We round the point, run
into the plate-glass shock
of your presence.

Who designed
the monstrous fact
of you?  

Who engineered the slipstream sinews,
the meeting of muscles that steels 
your formidable form?
Sea tiger, kua, shark chief, na ‘aumakua1
why are you lying so still
on the shore?

We find you fin first
discover you from the architecture
the angle of your tilted tail
even your stench is impressive
finger over nostril, hand over mouth
I pace your presence from end to end.

How can it be
that your plain potency
cannot flick the fly, the crab?

Your skin has begun 
to wrinkle, echoes
the pattern on the ocean floor
becomes fingertips of children at bath time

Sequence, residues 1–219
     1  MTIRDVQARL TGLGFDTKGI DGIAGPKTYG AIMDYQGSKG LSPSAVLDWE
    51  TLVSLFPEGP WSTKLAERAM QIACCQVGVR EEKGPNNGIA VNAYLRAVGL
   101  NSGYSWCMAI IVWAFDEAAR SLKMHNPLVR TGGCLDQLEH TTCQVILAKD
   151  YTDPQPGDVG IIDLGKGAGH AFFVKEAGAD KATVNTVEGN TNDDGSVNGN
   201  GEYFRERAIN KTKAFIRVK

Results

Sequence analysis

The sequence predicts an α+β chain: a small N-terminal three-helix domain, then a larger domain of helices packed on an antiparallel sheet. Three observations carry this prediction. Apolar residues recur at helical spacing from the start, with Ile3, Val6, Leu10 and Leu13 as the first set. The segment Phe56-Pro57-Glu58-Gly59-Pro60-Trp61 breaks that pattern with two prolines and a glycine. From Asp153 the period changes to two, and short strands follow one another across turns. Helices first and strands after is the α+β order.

but on your lonely shore
sea abandoned, the tide is out. 

I slide one forefinger
slowly over your flesh
my muscles tensed and irrational 
the terrain of your skin
a sea of serrations 
resisting my touch all the way.

Your prised jaws 
closed like a finished sentence
your trophy teeth hidden
lending you an alien softness
wide-eyed, full-faced

And your one quiet eye
amber and turned 
to the sun
what did it last see?
what kind of parting gift
did the light leave?

Then there it is
above the eye, the mark
that makes me see

skin cold I read
where the blade
drove in and in and in
forgive us wild
and terrible friend

we have sinned.

1 Na ‘aumakua means ‘ancestor spirit’.  Hawaiians from the Ka’u district believe believe that some sharks are the embodied form of ancestors.

Renee Pettitt-Schipp reads 'Tiger on the Beach'